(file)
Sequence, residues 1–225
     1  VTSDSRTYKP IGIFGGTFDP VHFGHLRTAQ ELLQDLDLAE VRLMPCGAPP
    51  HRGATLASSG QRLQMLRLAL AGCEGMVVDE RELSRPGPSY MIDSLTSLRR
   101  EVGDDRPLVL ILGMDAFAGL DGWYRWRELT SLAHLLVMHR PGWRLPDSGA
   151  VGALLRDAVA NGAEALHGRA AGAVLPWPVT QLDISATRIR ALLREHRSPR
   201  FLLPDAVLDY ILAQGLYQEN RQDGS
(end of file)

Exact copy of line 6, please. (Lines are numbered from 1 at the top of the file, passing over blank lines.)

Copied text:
   201  FLLPDAVLDY ILAQGLYQEN RQDGS